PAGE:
I again want to thank everyone for their interest and passion. Contrary to Groucho Marx, I like being part of this club.
Sandra P. Gonzalez-Santos, PhD.
Universidad Nacional Autónoma de México
Copenhagen - Style, Design and Great Weather
Updated: November 07 2012
Meeting Summary by Trevor Pinch
October 24, 2012
If you're just back from Copenhagen like I am - you're probably exhausted. But nice exhausted as when you've been to a great all night party! We all wondered whether the CBS was big enough and could cope with the unprecedented numbers (over 1600 registered and many more showing up) The answer is yes they could! There was a worrying moment when we all lined up for beer at the first reception - would we ever get served? what if they ran out? what if there was a riot? But we did get served and so the party started - it has started already if you were at the earlier sessions but I was busy at the 4S Council meeting. And I would like to welcome three new people elected to Council - Kelly Moore, Wen Hua Kuo and Vivian Lagesen. I would also like to welcome in our new president elect, Gary Downey. Also I would like to thank everyone who stood and didn't get elected - there is always another time and our rules don't prevent you standing again. We really appreciate you being willing to serve.
As the organization grows we really depend upon our council members. One of the things they do is work on prize committees. We gave out the prizes this year as part of the plenary and nearly everyone I spoke with preferred it that way - so we will do it that way next year in San Diego, and with fewer prizes (we are not meeting with EASST) we will get more time for a substantive plenary. The prize winners this year were: Mullins Prize, Joeri Bruyninckx, "Sound Sterile: Making Scientific Field Recordings in Ornithology"; Edge Prize A.B. Edmonds "Learning to Love Yourself"; Carson Prize , Stefan Helmreich, Alien Oceans; Fleck Prize, Hugh Raffles, Insectopedia, Bernal prize, Adele Clarke. Congratulations!!!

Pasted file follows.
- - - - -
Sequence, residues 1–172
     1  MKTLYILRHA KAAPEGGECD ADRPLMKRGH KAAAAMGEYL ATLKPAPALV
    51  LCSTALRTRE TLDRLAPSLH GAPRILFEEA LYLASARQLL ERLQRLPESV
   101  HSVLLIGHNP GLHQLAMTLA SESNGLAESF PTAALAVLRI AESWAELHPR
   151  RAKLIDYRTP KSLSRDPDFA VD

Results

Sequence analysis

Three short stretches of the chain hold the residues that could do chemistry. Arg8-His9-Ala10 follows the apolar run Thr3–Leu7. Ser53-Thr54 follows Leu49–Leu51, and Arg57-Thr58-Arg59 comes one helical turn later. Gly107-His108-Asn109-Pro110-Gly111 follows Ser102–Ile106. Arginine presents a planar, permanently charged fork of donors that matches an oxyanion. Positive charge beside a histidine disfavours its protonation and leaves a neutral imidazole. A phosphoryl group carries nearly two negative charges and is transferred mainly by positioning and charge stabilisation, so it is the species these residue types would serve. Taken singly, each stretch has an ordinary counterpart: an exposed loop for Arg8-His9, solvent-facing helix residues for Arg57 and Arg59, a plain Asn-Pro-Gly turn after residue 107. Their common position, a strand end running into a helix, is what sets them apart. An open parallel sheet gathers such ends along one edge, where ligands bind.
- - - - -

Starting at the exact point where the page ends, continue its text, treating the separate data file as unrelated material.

Thanks in particular to Maya Horst and her team and Alan Irwin of the CBS for making the meeting possible. It set new "design standards" for food, drink and organization. The weather cooperated and as I walked around on Saturday afternoon amongst the groups of people sitting on the grass and benches (or in one case taking a nap) I thought that maybe I had reached STS heaven. Everyone was talking STS it seemed. It was the place to be!
Mullins Prize Presentation 2012
Updated: October 24 2012
As the Chair of the Nicholas Mullins student paper award committee, I would like to thank the other members of the prize committee, particularly Steve Zehr, for his work in reviewing the many excellent student papers we received last year—66 papers in all.